Underage Students Receive Citations at Hospital
Published: Thursday, September 22, 2011
Updated: Thursday, November 15, 2012 00:11
Contrary to popular belief, underage students who seek help through the Good Samaritan Policy may face punishment under Ohio law. When someone contacts Campus Safety with concerns about an intoxicated student, Kenyon officers will respond immediately, assess the students' health and, if necessary, call for an emergency medical services (EMS) squad. When a call goes out to any emergency service in Ohio, the dispatch notifies the Sheriff's Office. The sheriff will usually "follow up" on such a call, according to Captain David Shaffer of the Knox County Sheriff's Office, and if the situation warrants it, he will issue a citation will be issued for underage drinking.
"The Good Samaritan thing is completely separate from the law. … We would recognize that there are issues with the Good Samaritan thing, but our stance is that if they violate the law, they violate the law," Shaffer said, "So our guys are generally going to issue a citation or a summons for underage consumption."
The student's intoxication level does not affect the likelihood of citation, according to Shaffer. If the student has been drinking and is underage, regardless of blood alcohol content, he is subject to the law. Sometimes the citation is given in the hospital, but often the Sheriff's Office will issue a summons after the patient is released from medical care, Shaffer said.
A squad transported three students to the hospital so far this year, and one of those incidents resulted in a citation. This kind of occurrence is infrequent, however. Between Aug. 1, 2010 and June 1, 2011, two underage drinking citations were issued to students after they were transported to the hospital, according to Shaffer. In one instance, a student's 17-year-old sibling was cited and the case was passed to the Juvenile Prosecutor's Office. The other incident involved a 21-year-old who was arrested for disorderly conduct after allegedly punching a nurse in the emergency room.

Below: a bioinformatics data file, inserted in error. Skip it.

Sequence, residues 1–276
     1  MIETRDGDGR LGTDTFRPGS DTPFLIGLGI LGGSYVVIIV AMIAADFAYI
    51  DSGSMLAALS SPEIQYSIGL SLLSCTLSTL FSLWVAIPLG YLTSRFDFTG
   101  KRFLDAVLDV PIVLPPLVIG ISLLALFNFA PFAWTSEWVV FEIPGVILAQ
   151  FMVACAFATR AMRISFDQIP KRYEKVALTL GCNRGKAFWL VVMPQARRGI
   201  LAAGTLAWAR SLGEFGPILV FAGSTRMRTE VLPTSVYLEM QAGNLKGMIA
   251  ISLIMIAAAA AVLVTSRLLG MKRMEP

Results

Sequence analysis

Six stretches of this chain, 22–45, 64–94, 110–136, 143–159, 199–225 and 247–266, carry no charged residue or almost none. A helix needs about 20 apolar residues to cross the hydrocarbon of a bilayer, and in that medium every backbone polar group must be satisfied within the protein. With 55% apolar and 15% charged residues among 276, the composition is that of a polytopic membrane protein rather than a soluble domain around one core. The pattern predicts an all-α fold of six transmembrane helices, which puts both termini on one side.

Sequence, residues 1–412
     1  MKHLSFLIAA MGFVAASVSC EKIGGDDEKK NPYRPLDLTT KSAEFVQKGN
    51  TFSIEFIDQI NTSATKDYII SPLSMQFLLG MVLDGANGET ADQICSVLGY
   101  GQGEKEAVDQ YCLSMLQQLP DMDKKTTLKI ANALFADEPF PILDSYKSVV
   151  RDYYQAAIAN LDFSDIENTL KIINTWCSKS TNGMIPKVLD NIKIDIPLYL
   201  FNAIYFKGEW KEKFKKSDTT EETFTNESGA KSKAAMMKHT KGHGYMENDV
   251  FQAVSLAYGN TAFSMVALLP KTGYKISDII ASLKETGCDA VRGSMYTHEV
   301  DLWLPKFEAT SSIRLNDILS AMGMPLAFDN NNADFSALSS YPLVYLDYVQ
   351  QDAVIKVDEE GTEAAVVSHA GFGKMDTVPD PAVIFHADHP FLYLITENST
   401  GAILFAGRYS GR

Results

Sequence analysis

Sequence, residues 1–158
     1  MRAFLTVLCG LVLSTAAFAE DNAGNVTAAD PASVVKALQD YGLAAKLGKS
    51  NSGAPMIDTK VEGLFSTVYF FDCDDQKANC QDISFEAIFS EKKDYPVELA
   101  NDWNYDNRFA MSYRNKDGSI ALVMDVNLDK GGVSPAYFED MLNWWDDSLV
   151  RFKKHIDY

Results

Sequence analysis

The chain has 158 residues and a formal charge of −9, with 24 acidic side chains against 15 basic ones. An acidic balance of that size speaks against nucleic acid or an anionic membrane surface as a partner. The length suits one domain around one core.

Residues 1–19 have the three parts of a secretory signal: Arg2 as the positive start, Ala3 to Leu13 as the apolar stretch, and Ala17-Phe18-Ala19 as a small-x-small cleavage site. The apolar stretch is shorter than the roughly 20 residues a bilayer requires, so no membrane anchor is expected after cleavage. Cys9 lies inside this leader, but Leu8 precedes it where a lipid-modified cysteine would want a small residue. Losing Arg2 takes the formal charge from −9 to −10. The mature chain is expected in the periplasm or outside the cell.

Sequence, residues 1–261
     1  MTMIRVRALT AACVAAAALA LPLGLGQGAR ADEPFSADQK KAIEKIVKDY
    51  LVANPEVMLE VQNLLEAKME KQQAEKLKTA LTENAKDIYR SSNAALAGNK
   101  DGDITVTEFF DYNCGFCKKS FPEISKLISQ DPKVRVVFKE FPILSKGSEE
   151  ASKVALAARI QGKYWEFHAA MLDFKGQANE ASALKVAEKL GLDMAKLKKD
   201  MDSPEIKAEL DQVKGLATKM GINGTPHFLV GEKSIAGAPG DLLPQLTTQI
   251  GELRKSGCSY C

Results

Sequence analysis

Kenyon cannot control the Sheriff's actions and the Good Samaritan policy is not above the law, according to Director of Campus Safety Bob Hooper. "The Good Samaritan policy is a Kenyon policy; it's not state law because the squad has to get involved," he said. "911 for this county … covers both law enforcement and fire/EMS. So when that call goes out, he can respond."
Hooper said the threat of punishment could discourage students from using the Policy, but he highly discourages them from trying to transport students on their own. "It could be disastrous, depending on what condition that person is in," he said. "Is that person that's driving sober? If they were out drinking together, probably not. So if an accident happens, then this person [might not get] that medical treatment soon enough … and the person driving could be looking at a DUI."
Avoiding a 911 call does not guarantee that the sheriff will remain uninvolved, according to Shaffer. "Even if they go to the hospital by private vehicle and the hospital gets that they are underage, then the hospital will likely call our office or the city, so it is likely to get reported anyway," he said.